Romain-Octave Pelletier retired from the cathedral in 1923, and his musical career was crowned two years later with the conferring of an honorary doctorate by the Université de Montréal. He taught music for half a century, and his students included Claude Champagne*, Alfred Laliberté, and Albertine Labrecque (Morin). A professional musician, he was able to give them a sound and rigorous training. In reforming church music, he was uncompromising in matters of art.
Although his music was generally improvised, Romain-Octave Pelletier left several not very innovative musical works and a number of theoretical treatises on music. Some of his compositions have been lost; the others are preserved in the Villeneuve collection at the Bibliothèque de Musique de la Univ. de Montréal and in the Music Div. of the LAC. As a musicographer, Pelletier published several instructional works: Mécanisme du piano, ou, nouvelles études techniques destinées aux élèves avancés (Québec, [1880?]); Le toucher du pianiste (Montréal, 1916; réimpr., 1928) (a summary of lectures given to the nuns of the Congregation of Notre-Dame); L’étude de la littérature du piano ([Montréal, 1920?]) (lectures given at Mont Sainte-Anne, in Lachine); L’art pianistique (s.l., ); Guide du professeur de piano par questions et réponses ([Montréal?], 1925) (prepared for the Sisters of the Holy Names of Jesus and Mary). Around 1881–82 he wrote several articles on the construction and playing of the organ in the Revue canadienne (Montréal).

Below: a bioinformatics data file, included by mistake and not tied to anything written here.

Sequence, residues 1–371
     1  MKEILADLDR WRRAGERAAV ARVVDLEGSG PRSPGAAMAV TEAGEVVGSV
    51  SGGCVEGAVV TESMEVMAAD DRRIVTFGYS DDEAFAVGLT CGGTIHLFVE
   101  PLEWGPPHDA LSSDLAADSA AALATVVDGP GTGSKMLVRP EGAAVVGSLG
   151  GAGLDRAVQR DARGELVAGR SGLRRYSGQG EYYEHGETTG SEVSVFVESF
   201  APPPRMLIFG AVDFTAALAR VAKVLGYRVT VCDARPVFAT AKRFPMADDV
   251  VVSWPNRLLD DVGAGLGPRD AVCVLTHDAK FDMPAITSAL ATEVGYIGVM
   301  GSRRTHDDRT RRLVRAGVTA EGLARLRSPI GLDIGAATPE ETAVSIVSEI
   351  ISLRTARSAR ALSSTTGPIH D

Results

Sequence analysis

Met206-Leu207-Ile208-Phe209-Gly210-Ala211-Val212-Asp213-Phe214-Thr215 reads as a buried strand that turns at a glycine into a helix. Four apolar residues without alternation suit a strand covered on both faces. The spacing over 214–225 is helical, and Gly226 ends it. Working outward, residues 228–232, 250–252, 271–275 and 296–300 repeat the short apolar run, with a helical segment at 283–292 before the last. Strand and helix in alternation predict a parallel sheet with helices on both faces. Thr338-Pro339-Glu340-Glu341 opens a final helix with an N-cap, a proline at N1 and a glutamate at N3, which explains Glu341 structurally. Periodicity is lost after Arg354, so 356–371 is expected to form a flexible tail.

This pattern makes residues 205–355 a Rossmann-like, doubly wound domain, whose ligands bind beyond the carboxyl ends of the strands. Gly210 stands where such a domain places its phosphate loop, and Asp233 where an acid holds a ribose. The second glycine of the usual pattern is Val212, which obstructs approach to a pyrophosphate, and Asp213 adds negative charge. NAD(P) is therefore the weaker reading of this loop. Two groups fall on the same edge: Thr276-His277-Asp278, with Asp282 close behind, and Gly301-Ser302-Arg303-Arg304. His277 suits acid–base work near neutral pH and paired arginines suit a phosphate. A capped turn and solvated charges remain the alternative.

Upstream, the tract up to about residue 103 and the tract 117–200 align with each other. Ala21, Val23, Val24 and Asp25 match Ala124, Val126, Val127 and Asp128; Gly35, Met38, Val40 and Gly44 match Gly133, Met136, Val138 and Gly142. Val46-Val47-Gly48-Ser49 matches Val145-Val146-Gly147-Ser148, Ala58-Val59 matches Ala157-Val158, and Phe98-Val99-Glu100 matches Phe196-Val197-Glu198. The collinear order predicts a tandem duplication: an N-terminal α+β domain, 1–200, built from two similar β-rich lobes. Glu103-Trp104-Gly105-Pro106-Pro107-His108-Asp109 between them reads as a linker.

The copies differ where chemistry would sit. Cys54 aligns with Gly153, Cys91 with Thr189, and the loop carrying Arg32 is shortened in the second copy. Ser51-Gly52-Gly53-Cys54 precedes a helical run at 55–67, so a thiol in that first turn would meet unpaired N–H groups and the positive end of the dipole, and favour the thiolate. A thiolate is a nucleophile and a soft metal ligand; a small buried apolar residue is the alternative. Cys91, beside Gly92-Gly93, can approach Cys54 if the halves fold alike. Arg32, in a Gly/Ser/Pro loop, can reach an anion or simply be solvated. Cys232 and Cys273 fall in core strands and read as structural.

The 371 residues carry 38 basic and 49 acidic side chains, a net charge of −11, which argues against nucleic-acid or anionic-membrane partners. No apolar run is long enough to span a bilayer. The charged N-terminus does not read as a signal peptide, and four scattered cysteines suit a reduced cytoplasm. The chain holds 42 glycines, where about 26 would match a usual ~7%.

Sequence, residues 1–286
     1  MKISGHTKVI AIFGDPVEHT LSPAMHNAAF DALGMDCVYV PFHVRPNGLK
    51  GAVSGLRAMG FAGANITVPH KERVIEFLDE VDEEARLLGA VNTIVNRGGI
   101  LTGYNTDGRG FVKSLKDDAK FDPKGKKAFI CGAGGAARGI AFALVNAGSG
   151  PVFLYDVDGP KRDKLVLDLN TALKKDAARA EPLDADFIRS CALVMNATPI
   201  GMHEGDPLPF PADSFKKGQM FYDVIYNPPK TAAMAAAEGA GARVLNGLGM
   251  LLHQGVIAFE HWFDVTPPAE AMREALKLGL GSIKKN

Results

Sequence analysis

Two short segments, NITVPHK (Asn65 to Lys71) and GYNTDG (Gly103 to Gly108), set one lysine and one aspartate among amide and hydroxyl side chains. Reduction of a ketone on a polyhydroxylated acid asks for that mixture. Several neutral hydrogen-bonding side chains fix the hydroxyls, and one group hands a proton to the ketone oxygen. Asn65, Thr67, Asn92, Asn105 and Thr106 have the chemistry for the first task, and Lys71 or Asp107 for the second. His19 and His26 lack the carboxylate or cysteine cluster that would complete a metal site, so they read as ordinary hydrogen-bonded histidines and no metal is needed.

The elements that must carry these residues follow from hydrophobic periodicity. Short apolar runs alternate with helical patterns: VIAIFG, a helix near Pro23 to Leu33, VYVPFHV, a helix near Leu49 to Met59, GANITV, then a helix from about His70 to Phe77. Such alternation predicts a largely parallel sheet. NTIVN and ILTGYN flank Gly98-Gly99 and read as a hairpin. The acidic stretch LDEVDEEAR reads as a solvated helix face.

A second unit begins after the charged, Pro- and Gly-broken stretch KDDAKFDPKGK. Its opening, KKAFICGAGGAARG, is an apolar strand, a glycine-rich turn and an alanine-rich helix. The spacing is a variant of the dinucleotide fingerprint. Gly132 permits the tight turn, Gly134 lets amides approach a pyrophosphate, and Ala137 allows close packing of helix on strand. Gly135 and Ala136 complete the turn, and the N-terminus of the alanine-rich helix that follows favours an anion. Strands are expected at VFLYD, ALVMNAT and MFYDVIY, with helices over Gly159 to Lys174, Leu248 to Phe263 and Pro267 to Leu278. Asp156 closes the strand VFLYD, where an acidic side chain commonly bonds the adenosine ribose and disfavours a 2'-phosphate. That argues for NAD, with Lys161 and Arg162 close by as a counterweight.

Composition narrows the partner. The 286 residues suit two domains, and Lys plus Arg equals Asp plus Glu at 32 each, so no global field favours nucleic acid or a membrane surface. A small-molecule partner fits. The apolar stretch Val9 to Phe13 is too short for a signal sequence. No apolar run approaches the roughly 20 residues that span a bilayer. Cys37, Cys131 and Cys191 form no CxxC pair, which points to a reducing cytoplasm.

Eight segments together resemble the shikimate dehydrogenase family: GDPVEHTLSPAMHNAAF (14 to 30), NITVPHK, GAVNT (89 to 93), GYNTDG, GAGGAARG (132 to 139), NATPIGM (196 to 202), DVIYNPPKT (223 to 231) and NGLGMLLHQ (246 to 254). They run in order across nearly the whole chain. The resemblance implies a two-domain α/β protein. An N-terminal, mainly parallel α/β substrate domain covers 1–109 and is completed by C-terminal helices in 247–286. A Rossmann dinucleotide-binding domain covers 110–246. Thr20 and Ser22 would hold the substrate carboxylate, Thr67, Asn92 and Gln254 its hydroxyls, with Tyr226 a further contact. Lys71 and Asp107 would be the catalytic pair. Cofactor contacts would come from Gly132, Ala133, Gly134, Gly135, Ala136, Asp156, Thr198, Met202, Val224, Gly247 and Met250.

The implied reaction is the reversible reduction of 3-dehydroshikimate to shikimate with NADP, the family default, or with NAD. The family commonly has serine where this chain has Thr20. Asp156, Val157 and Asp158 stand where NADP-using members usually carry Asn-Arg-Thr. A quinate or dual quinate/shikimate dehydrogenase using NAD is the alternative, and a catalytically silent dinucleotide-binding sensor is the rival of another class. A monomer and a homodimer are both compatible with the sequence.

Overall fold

ANQ-M, CE601-S51, 11 sept. 1843; CE606-S9, 8 juin 1869. ANQ-Q, P379-1. Le Devoir, 5, 7, 12 mars 1927. Centenaire de la paroisse St-Jacques de Montréal: église de l’Expo 67, église du métro ([Montréal?, 1966?]). Jean Cinq-Mars, Histoire du collège Sainte-Marie de Montréal, 1848–1969 (Montréal, 1998). Le diocèse de Montréal à la fin du dix-neuvième siècle . . . (Montréal, 1900). Encyclopedia of music in Canada (Kallmann et al.). Olivier Maurault, Saint-Jacques de Montréal: l’église, la paroisse (Montréal, 1923). Montreal Urban Community, Planning Dept. of the Territory, Architecture religieuse (2v., Montréal, 1981–84), 1 (Les églises). Romain Pelletier, “Octave Pelletier, organiste et pédagogue (1843–1927),” Qui? (Montréal), 4 (1952–53): 3–24. Pierre Quenneville, “Guillaume Couture (1851–1915): l’éducateur, le directeur artistique et le musicien d’église” (thèse de phd, univ. de Montréal, 1988).